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Tax strategies for entrepreneurs preparing for sale

Dan Hartland Dan Hartland

Considering selling a business? Dan Hartland and Charlotte Senior consider sensible tax strategies for entrepreneurs planning for exit in an uncertain tax environment.

For entrepreneurs considering a sale in the short to medium term, the pandemic has resulted in significant uncertainty as to future tax policy. The challenge the government faces in balancing the books means that shareholders are particularly concerned about potential increases in capital gains tax rates and the curtailment of shareholder reliefs. 

CGT in the spotlight

A key tax that has been under the spotlight is capital gains tax. This is seen as historically low, at a main rate of 20%, but the Office of Tax Simplification has suggested this should be more closely aligned to income tax rates. With the highest rate of income tax currently 45%, at the extreme this would represent a 25% tax increase which, for most entrepreneurs, would often equate to 25% of any future sales proceeds.

Clearly, the timing of any increase and the nature of any tax changes are uncertain but key dates where tax changes may happen include the Budget and the start of a new tax year.

How can I manage CGT risk?

There are two clear strategies in managing the risk of an increase in capital gains tax. The first is to accelerate the point at which the gain arises and the second is to remove or reduce your exposure to capital gains tax altogether.

Either approach needs to be considered in light of your individual circumstances and your objectives post-exit.

Accelerating an exit event

Third-party sale: If you're considering a third-party sale in the near future, for example to trade or private equity, there may be merit in accelerating that process with a view to completion before the key dates when a change might happen. This may not be viable and will depend on the circumstances of the business.

MBOs/family succession: An exit may not always mean a sale to a third party and you may therefore have more control over timing. Examples include:

  • Structuring a management buy-out (MBO) - where key future leaders of the business invest or take debt to acquire the company from the existing shareholders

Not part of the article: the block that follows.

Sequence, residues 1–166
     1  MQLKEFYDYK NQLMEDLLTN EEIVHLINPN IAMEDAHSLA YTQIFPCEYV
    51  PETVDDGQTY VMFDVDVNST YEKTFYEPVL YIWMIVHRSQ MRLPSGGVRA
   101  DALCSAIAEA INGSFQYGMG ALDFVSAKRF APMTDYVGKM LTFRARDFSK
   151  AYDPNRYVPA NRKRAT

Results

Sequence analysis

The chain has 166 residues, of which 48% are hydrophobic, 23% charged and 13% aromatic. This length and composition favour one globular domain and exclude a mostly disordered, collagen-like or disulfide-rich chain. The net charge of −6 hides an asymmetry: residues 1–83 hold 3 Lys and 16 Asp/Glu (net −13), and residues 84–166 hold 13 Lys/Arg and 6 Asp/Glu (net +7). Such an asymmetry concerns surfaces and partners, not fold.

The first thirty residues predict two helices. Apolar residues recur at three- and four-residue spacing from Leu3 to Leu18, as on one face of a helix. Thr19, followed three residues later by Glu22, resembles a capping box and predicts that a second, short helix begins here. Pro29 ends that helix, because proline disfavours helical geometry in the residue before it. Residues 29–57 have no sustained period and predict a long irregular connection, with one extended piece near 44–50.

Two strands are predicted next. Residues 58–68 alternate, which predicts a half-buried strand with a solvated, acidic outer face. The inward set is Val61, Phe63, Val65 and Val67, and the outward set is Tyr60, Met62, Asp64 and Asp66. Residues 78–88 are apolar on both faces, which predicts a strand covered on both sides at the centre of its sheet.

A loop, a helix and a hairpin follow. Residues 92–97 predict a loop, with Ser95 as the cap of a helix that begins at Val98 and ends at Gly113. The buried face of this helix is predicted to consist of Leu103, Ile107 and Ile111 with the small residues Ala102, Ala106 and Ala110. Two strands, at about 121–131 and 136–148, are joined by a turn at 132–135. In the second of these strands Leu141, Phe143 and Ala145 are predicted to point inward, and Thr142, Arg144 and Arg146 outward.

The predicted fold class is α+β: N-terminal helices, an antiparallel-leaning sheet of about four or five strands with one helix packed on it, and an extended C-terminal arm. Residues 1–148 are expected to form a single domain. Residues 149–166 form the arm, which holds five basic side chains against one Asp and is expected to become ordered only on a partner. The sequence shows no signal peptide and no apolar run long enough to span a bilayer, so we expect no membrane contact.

• A transition of the business to the next generation of family members while achieving a capital exit for the current generation

Employee Ownership Trust (EOT): This is a slightly different approach to passing ownership to existing employees. Unlike the MBO, this internal sale involves all employees participating but through a trust rather than having direct ownership. To incentivise employee-owned companies, shareholders can typically realise gains on sale of shares to an EOT with no capital gains tax liabilities arising. This generous statutory tax relief along with an increasing trend for employee ownership means an EOT is becoming an increasingly popular route to exit a business.

Removing or reducing exposure to CGT changes

Statutory reliefs/exemptions: If there is uncertainty about the timing of a future sale, there are a number of structural options to remove or reduce your exposure to CGT. These are typically driven by your wider commercial and personal objectives, and are based on statutory reliefs and exemptions.

Given the uncertainties that we face in future tax rates, it is more important than ever that entrepreneurs take advice as to their options. Considering what a business exit will mean financially net of tax will help entrepreneurs preparing for sale to properly plan for the next stage of their journey.

To discuss these issues further, please get in touch with your regional contact.

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